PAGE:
The Tang Dynasty (618–907) is famous for its energetically modeled and brightly colored tomb figurines. Made from low-fired earthenware and intended exclusively for burial, these charming horses, camels, and civil officials have become immensely popular. In their own day, however, they were neither in the forefront of ceramic technology nor highly regarded by collectors or connoisseurs.
Three northern kilns were responsible for producing the majority of lead-glazed Sancai (三彩) or “three-colored” ware that furnished the tombs of the aristocracy for more than one hundred and fifty years of the Tang Dynasty. Developed during the seventh century, the new colors were achieved simply by mixing metal oxides to a lead fluxed glaze. The oxides included copper for green and iron for amber or brownish yellow. Together with a clear, cream glaze, they provided the three basic colors but, on rare occasion, expensive cobalt oxide for blue was added to the mix. The tendency of the glaze to run slightly accounts for the splashed effects and mingling of the colors that give Sancai their exuberant effect. It is assumed that three-color ware was reserved for burial ware and was seldom, if ever, used in daily life. Sancai traveled along the Silk Road, and was later extensively used in Syrian, Cypriot, and then Italian pottery from the 13th to the middle of the 15th century. Sancai also became a popular style in Japanese and other East Asian ceramic arts.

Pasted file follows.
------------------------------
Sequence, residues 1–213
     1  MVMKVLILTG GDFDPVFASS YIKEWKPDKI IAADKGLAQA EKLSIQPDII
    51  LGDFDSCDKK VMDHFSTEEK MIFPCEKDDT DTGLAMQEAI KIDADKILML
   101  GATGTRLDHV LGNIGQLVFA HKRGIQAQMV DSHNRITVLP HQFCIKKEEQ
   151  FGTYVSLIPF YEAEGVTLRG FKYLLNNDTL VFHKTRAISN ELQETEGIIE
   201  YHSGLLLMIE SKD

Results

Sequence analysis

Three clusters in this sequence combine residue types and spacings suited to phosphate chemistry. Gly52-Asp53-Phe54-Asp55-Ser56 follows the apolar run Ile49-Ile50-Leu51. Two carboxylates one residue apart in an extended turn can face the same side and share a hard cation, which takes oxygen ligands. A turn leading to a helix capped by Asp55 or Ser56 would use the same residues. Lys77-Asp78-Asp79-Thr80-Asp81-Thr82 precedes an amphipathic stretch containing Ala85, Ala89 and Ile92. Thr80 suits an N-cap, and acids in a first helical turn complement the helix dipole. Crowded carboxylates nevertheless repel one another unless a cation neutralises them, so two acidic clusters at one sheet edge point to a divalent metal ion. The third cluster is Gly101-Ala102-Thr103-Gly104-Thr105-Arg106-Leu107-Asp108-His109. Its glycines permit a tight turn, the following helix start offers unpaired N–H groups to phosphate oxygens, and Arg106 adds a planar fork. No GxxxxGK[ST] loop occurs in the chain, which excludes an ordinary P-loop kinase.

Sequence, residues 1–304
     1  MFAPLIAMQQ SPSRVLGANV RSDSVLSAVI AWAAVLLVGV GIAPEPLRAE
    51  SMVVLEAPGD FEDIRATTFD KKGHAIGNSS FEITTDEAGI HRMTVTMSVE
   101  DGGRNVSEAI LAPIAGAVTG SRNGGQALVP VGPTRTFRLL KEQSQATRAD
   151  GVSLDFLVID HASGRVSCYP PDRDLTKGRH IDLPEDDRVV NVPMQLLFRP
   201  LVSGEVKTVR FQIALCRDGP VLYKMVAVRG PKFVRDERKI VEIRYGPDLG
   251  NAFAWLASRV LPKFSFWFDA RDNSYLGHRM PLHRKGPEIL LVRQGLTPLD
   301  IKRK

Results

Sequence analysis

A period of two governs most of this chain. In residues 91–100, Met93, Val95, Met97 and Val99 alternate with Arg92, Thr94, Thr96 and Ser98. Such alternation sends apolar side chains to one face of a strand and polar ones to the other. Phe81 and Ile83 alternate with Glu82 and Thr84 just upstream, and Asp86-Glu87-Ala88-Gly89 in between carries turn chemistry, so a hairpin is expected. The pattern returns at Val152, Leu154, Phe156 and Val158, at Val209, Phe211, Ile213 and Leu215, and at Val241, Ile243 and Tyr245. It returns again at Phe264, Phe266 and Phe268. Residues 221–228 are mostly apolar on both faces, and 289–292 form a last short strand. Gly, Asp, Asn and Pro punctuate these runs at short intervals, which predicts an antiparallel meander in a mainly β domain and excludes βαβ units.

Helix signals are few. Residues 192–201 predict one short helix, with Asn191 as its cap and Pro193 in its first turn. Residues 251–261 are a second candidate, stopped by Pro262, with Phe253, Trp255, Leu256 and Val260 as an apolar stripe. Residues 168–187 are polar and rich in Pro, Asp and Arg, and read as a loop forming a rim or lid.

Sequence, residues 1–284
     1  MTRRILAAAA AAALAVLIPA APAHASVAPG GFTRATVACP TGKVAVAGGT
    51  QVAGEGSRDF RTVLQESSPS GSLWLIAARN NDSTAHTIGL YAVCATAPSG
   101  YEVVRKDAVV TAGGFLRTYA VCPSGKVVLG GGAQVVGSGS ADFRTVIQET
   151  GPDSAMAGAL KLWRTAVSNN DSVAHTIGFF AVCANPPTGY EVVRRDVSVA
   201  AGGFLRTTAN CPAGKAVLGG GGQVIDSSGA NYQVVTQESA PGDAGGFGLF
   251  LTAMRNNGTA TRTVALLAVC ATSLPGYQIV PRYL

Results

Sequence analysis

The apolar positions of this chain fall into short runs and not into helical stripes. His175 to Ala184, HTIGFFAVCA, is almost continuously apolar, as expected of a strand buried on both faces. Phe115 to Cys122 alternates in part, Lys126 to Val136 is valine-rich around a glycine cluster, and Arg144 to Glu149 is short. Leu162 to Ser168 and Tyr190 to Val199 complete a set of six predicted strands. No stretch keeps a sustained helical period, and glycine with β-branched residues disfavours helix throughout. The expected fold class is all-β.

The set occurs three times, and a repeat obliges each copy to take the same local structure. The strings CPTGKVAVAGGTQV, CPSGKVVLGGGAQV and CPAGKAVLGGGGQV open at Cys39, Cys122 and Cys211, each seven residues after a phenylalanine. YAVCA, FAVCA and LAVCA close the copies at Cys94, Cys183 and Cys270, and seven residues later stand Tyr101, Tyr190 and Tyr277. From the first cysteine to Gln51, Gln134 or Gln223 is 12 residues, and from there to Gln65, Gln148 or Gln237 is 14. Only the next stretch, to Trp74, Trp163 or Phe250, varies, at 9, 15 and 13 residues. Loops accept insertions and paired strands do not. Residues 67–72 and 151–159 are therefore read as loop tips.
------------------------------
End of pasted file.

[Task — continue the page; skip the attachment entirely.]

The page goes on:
However, it was in the making of functional ceramics for daily use and export that Tang potters achieved their greatest technical innovations and artistic refinements. They invented underglaze painted décor, phosphatic glazes, perfected high-fired celadon, and experimented with cobalt blue glazes. Their interest in single color wares, especially white ware, brown ware, celadon, and cobalt blue laid the groundwork for Song (960–1279) taste in monochrome glazes, refined ceramic shapes, and splashed brown and black wares.